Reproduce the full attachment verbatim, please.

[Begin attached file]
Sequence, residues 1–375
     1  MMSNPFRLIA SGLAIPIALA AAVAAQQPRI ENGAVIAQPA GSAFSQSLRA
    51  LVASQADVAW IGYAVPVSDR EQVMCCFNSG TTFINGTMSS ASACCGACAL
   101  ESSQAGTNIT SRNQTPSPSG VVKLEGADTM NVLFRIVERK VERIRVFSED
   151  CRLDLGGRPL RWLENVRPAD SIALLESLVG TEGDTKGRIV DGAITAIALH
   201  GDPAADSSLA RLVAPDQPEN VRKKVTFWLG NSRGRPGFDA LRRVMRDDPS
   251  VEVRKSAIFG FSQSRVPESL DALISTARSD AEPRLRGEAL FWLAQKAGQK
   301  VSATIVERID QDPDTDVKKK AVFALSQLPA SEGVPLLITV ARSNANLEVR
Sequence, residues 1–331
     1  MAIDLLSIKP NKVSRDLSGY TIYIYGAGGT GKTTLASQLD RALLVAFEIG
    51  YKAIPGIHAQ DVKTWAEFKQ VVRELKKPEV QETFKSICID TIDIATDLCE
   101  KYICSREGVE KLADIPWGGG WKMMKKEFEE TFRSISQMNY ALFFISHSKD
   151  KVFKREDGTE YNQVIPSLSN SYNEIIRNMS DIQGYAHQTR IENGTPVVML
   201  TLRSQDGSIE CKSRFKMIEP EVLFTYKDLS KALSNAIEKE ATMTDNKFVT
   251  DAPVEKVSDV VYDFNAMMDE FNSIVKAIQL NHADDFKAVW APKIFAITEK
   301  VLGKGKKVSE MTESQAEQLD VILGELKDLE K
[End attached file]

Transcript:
Sequence, residues 1–375
     1  MMSNPFRLIA SGLAIPIALA AAVAAQQPRI ENGAVIAQPA GSAFSQSLRA
    51  LVASQADVAW IGYAVPVSDR EQVMCCFNSG TTFINGTMSS ASACCGACAL
   101  ESSQAGTNIT SRNQTPSPSG VVKLEGADTM NVLFRIVERK VERIRVFSED
   151  CRLDLGGRPL RWLENVRPAD SIALLESLVG TEGDTKGRIV DGAITAIALH
   201  GDPAADSSLA RLVAPDQPEN VRKKVTFWLG NSRGRPGFDA LRRVMRDDPS
   251  VEVRKSAIFG FSQSRVPESL DALISTARSD AEPRLRGEAL FWLAQKAGQK
   301  VSATIVERID QDPDTDVKKK AVFALSQLPA SEGVPLLITV ARSNANLEVR
Sequence, residues 1–331
     1  MAIDLLSIKP NKVSRDLSGY TIYIYGAGGT GKTTLASQLD RALLVAFEIG
    51  YKAIPGIHAQ DVKTWAEFKQ VVRELKKPEV QETFKSICID TIDIATDLCE
   101  KYICSREGVE KLADIPWGGG WKMMKKEFEE TFRSISQMNY ALFFISHSKD
   151  KVFKREDGTE YNQVIPSLSN SYNEIIRNMS DIQGYAHQTR IENGTPVVML
   201  TLRSQDGSIE CKSRFKMIEP EVLFTYKDLS KALSNAIEKE ATMTDNKFVT
   251  DAPVEKVSDV VYDFNAMMDE FNSIVKAIQL NHADDFKAVW APKIFAITEK
   301  VLGKGKKVSE MTESQAEQLD VILGELKDLE K